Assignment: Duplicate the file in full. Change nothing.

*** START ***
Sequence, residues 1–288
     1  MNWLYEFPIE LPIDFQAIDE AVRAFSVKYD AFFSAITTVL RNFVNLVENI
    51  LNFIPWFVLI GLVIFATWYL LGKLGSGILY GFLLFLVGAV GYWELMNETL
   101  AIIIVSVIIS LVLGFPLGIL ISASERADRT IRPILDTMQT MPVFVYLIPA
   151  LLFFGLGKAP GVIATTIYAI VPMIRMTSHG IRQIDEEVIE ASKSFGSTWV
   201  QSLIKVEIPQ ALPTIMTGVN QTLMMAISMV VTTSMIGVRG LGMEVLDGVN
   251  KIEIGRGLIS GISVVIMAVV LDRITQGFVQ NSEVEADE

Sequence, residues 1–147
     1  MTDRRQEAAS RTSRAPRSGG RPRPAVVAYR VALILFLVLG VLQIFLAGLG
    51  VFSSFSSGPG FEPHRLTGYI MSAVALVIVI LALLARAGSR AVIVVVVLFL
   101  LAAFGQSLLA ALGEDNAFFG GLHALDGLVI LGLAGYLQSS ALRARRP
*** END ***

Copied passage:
Sequence, residues 1–288
     1  MNWLYEFPIE LPIDFQAIDE AVRAFSVKYD AFFSAITTVL RNFVNLVENI
    51  LNFIPWFVLI GLVIFATWYL LGKLGSGILY GFLLFLVGAV GYWELMNETL
   101  AIIIVSVIIS LVLGFPLGIL ISASERADRT IRPILDTMQT MPVFVYLIPA
   151  LLFFGLGKAP GVIATTIYAI VPMIRMTSHG IRQIDEEVIE ASKSFGSTWV
   201  QSLIKVEIPQ ALPTIMTGVN QTLMMAISMV VTTSMIGVRG LGMEVLDGVN
   251  KIEIGRGLIS GISVVIMAVV LDRITQGFVQ NSEVEADE

Sequence, residues 1–147
     1  MTDRRQEAAS RTSRAPRSGG RPRPAVVAYR VALILFLVLG VLQIFLAGLG
    51  VFSSFSSGPG FEPHRLTGYI MSAVALVIVI LALLARAGSR AVIVVVVLFL
   101  LAAFGQSLLA ALGEDNAFFG GLHALDGLVI LGLAGYLQSS ALRARRP